Free trade economists keep repeating the same old lines. Last
about this time, they said the economy would bounce back in the second
quarter. It didn't happen. Now their saying the same thing for the
quarter of 2003, and Business Week says they are absolutely right this
Even a broken clock is right twice a day. Free traders could only wish to
Let me tell you why the predictions are wrong. First of all,
not a pessimist. I'm a realist, and I don't believe in such baloney
buzzwords as "cautious optimism," which really means "I have no idea, but
hope things get better."
We'll start with a few facts and statistics. The U.S. economy
experiencing the biggest downturn in the job-market since the Great
Depression. Even those who are so na?ve to think we are in a recovery
it a jobless recovery. Virtually every sector of the job market is
the pain. It doesn't matter if you've just dropped out of high school or
just graduated with an MBA. Workers with job skills from both extremes
everywhere in between are being left behind.
According to the Bureau of Labor Statistics, 4.8 million
are working part time simply because they can't find full-time
That's an increase of 46% since 2001. This explains why, as I mentioned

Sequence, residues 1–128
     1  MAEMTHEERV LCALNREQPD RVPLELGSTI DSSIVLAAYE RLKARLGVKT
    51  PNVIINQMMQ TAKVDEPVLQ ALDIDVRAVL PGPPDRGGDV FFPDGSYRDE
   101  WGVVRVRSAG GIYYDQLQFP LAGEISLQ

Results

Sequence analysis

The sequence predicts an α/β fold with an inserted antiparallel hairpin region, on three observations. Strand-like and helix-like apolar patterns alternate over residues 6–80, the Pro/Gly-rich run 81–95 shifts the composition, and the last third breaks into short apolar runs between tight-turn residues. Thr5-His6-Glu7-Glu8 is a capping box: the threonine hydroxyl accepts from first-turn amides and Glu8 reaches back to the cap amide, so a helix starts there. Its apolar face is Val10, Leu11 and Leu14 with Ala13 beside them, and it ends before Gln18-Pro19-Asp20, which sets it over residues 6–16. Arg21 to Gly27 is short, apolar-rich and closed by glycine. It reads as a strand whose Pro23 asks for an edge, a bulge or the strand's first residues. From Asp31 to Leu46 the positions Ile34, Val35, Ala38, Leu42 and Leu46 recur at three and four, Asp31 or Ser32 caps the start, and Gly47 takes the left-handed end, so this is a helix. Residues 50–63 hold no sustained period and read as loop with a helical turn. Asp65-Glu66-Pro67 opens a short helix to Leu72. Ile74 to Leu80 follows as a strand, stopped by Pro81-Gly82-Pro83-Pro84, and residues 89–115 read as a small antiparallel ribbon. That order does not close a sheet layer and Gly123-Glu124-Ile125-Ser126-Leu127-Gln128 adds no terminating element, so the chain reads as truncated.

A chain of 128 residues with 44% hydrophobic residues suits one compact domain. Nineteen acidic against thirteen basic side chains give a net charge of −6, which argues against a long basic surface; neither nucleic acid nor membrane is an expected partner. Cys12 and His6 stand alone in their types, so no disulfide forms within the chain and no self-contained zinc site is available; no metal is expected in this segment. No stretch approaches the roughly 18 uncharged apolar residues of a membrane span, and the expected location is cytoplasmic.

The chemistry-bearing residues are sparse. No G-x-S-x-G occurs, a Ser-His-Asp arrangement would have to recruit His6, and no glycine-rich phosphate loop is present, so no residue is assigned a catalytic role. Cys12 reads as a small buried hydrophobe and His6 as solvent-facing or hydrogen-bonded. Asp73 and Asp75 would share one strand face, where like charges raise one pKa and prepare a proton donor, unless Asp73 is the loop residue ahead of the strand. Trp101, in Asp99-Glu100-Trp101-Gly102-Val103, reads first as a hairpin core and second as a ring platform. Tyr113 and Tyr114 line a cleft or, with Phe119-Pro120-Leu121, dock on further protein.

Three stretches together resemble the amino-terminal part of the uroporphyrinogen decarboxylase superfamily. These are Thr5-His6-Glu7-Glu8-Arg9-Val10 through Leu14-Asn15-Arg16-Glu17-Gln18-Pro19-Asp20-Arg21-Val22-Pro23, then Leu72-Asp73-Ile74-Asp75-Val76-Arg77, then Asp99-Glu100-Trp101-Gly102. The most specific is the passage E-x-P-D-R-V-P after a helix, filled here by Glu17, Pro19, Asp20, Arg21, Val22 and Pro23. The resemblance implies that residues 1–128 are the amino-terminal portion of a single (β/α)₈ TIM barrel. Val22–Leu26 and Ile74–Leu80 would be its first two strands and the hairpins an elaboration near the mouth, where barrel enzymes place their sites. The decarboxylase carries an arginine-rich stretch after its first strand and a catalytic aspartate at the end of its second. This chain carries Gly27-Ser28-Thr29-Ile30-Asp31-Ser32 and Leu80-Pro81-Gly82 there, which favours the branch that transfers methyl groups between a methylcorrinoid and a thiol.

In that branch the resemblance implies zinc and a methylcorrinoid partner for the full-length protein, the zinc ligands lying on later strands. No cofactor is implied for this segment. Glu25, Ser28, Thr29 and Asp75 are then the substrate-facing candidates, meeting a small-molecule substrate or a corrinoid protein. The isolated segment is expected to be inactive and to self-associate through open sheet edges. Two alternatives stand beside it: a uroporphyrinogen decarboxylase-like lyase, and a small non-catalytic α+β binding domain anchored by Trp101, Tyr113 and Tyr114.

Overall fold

How Americans Can Buy American: The Power of Consumer Patriotism, that
should be far more concerned with the wages American workers are
and less concerned with the rate of unemployment. Workers that gravitate
from full-time employment to part-time employment don't make any changes
unemployment statistics, but yet wage rates and take home pay are
Even with George W. Bush's tax cuts (I'm anxiously waiting to
receive my $800 in the mail), for many, these federal tax cuts will be
offset by local and state tax increases. There are budget deficits in
every state in the union. 20 states have already hiked tax rates, with
more likely to follow soon. The most conservative estimate I've seen is
half of the federal economic stimulus will be offset by state and local
government tax increases.
This doesn't include various price increases even though the
seems to be preoccupied with deflation (falling prices). I thought lower
prices for consumers were the main selling point for NAFTA and MFN for
China, etc., but now lower prices are apparently a problem. However,
an entirely different subject I will write about soon.
Food prices are up from fruits and vegetables to beef and
Only chicken prices are actually falling. Even women's apparel was up a
percentage point in the month of April alone. Movie ticket prices are
Housing prices shot up 16.7% in April. And should you decide you need a
better education to accommodate all these rising prices, tuition fees at
many public colleges have seen double-digit increases. Not ready for
college, you say? 50% of state legislatures say funds for other public
education will be cut in the next two years. 85% say social services will
cut. 71% say health care will be cut. Over 50% say funds for prisons,
transportation and traffic as well as the economy and jobs will be cut.
Out-of-pocket expenses for health care premiums for the average American
worker have more than tripled in the last 15 years. Copays for
drugs shot up 62% in the last year alone.